Why Boko Haram Doesn't Matter

 /  Feb. 19, 2015, 12:06 a.m.


On January 7 two gunmen with connections to Al Qaeda in the Arabian Peninsula (AQAP) opened fire in the Charlie Hebdo headquarters in Paris.  Seventeen victims died. Five days earlier, Boko Haram had overtaken a small fishing village in Nigeria called Baga. Amnesty International estimated the number of dead at two thousand. The media was saturated with news of the Paris attacks, but there was barely any mention of Baga. Two million people marched in the streets of Paris, led by more than forty world leaders. Hardly anyone noticed Boko Haram’s atrocities in Baga.

Why do the attacks in Paris matter more to the international community than those of Baga?

Nigerians and the international community remained silent about the events in Baga for different reasons. Many Nigerians are unaware of the severity of the attack in Baga due to the country’s inadequate communications infrastructure and political tensions surrounding the upcoming presidential election. The international community knows the attack occurred, but it was under-reported in international news media because Nigeria’s status on the world stage has declined along with its oil exports, the country’s primary source of wealth and international influence.

The greatest hindrance to proper reporting and information flow in Nigeria is the government. Nigeria is holding a presidential election originally scheduled for February 14, but which has now been postponed until March 28. Problems around election time are often said to be fabricated by the opposition party to embarrass the government. Members of the ruling People’s Democratic Party (PDP) have sought to redirect blame and discredit sources that are reporting on the attack in Baga. Nigeria’s national security adviser has publicly blamed the attack on the cowardice of the soldiers to direct responsibility for the massacre away from the government. Furthermore, official reports from the Defense Ministry put the death toll from the Baga attack at only 150, compared to Amnesty International’s two thousand. Nigeria’s finance minister tweeted his condolences to the victims in Paris, but has yet to acknowledge the events in Baga. Similarly, Nigerian President Goodluck Jonathan sent his condolences to French President Francois Hollande immediately following the attack in Paris, but has yet to explicitly comment on Baga.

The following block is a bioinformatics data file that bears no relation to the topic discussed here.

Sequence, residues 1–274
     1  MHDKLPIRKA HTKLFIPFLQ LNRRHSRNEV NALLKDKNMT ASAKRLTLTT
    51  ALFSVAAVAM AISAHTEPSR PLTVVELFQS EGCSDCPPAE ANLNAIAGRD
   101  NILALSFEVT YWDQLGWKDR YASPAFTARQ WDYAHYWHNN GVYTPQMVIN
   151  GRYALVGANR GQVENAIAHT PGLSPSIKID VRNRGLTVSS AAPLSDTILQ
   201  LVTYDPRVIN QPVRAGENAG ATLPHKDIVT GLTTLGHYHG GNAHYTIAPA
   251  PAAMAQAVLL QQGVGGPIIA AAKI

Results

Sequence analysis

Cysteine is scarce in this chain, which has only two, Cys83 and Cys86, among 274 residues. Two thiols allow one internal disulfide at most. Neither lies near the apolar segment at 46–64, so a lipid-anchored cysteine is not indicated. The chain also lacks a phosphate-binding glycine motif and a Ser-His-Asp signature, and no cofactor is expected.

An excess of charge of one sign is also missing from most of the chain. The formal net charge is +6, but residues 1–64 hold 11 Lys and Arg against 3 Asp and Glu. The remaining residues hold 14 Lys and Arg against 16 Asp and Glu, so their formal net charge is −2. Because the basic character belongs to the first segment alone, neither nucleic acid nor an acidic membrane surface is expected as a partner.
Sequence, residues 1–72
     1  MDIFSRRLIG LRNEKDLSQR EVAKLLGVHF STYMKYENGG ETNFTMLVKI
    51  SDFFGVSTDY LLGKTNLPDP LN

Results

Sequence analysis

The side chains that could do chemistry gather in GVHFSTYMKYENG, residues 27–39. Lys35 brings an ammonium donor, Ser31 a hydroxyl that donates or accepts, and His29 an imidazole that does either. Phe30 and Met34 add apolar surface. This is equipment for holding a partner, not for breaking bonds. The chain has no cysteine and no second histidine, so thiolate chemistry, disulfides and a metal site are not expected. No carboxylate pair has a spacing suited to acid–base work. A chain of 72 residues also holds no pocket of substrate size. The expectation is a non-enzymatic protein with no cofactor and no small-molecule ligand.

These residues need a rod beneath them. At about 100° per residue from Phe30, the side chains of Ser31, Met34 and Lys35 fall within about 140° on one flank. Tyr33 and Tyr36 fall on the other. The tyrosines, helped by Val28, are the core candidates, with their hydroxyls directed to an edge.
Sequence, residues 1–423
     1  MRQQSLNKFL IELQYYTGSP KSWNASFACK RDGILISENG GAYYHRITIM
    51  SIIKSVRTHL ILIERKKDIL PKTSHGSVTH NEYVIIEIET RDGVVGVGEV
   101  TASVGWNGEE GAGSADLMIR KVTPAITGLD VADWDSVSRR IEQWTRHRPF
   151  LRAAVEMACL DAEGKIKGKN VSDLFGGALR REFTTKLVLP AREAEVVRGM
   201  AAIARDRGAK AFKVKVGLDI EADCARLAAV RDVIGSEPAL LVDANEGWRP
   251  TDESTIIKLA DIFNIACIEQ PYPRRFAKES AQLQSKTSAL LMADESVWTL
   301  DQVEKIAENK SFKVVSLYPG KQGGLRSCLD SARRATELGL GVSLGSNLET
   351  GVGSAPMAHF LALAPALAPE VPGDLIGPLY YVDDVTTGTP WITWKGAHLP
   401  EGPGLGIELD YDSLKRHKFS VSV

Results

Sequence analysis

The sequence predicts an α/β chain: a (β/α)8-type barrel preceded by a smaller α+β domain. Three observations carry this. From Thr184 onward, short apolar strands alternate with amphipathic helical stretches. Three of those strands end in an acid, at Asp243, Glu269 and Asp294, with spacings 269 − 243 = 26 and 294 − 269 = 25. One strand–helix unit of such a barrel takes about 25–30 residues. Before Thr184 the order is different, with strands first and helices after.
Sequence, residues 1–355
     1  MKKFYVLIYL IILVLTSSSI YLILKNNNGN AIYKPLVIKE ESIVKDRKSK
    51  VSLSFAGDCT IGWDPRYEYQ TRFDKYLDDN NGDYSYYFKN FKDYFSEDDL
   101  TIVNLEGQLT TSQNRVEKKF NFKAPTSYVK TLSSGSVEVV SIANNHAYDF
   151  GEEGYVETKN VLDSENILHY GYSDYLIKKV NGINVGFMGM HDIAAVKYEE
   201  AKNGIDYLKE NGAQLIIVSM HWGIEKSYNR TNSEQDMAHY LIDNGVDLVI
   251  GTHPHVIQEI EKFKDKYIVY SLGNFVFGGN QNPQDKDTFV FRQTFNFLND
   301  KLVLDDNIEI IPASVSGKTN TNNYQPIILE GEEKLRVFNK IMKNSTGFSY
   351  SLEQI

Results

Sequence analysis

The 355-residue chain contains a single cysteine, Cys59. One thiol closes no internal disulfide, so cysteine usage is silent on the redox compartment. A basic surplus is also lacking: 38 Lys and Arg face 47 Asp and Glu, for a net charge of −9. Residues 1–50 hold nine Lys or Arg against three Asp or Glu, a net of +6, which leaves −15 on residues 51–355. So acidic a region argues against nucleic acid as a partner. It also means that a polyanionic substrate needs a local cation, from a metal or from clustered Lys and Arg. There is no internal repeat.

President Goodluck Jonathan, who assumed office in 2010, has been waging an unsuccessful war against Boko Haram for years. His promise to his country, and to the world, that he would “ensure that terrorism is brought under control” has been a failure. A few weeks after the Baga attacks he visited Maiduguri, a city very close to Baga, as a stop on his campaign tour. He made no real reference to Baga, stating only that “areas under Boko Haram control will soon be recaptured.”  On February 2, two weeks after his visit, Boko Haram surrounded and attempted to capture Maiduguri. Nigerian military forces successfully fought off Boko Haram’s attack, the second attempt in a week to take the city. While in this case the military managed to keep Boko Haram at bay, it does not yet appear to be in a position to reclaim territory as President Jonathan has claimed. The combination of silence and false reassurance from the government is one reason why many Nigerians do not know the severity of the attacks in Baga. Reporting is extremely dangerous around Boko Haram’s territories. The group has been known to execute journalists in the past. Nigeria is also plagued by serious problems with its communications infrastructure.  It is difficult for people in Nigeria to send and receive videos and messages. The situation is getting worse as Boko Haram continues to gain territory and destroy more of the country’s communication infrastructure. This prevents those on the ground from effectively communicating the events that have occurred.